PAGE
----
Speech Pathologist - Spencer Pointe
Hi, my name is Lauren Chlebowski, and I am a licensed Speech-Language Pathologist at Spencer Pointe. If you have any questions or concerns regarding your child's speech and language skills, please do not hesitate to contact me. I'm looking forward to another exciting school year!
What is the role of a "SLP"?
Speech-language pathologists, also called SLPs, are experts in communication.
SLPs work with people of all ages, from babies to adults. SLPs treat many types of communication and swallowing problems. These include problems with:
Articulation/ Phonology—How we say sounds and put sounds together into words.
Language—How well we understand what we hear or read and how we use words to tell others what we are thinking.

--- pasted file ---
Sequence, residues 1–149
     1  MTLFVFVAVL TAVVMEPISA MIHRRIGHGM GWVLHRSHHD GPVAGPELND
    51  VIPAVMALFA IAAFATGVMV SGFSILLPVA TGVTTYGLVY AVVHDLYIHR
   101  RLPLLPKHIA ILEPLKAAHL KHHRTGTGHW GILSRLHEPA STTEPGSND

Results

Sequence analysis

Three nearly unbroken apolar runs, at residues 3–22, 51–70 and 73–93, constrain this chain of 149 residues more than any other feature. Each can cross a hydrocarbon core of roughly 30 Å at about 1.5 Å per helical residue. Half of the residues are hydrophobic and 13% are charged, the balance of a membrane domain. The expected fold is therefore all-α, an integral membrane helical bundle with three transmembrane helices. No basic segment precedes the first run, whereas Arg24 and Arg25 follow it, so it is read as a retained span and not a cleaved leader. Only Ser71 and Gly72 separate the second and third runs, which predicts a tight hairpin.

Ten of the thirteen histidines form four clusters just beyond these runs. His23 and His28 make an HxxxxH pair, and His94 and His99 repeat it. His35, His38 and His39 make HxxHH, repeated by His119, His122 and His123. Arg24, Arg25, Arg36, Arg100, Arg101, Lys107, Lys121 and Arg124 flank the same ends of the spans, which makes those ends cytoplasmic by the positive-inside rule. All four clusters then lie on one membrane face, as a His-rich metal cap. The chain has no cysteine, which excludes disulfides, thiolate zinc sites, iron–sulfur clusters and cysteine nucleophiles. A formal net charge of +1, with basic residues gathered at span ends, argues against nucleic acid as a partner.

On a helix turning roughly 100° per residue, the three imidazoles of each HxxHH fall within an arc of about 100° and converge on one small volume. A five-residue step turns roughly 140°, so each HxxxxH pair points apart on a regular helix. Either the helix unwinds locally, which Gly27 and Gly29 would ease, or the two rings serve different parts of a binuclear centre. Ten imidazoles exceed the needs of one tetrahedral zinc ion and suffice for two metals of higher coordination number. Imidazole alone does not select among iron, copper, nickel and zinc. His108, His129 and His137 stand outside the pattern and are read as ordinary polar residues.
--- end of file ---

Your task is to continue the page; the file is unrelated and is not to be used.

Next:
Literacy—How well we read and write. People with speech and language disorders may also have trouble reading, spelling, and writing.
Pragmatics/ Social communication—Social language skills that we use in our daily interactions with others. This includes what we say, how we say it, our non-verbal communication (eye contact, facial expressions, body language, etc.) and how appropriate our interactions are in a given situation.
Voice—This refers to how our voices sound. This includes things such as hoarseness, nasality, vocal volume (too loud or too soft), etc.
Fluency—This can also be referred to as stuttering. This is how well our speech flows. Someone who stutters may repeat sounds, like t-t-t-table, use "um" or "uh," or pause a lot when talking. Many young children will go through a time when they stutter, but most outgrow it.
Cognitive-communication—How well our minds work. Problems may involve memory, attention, problem solving, organization, and other thinking skills.
Feeding/ Swallowing—How well we suck, chew, and swallow food and liquid. A swallowing disorder may lead to poor nutrition, weight loss, and other health problems. This is also called dysphagia.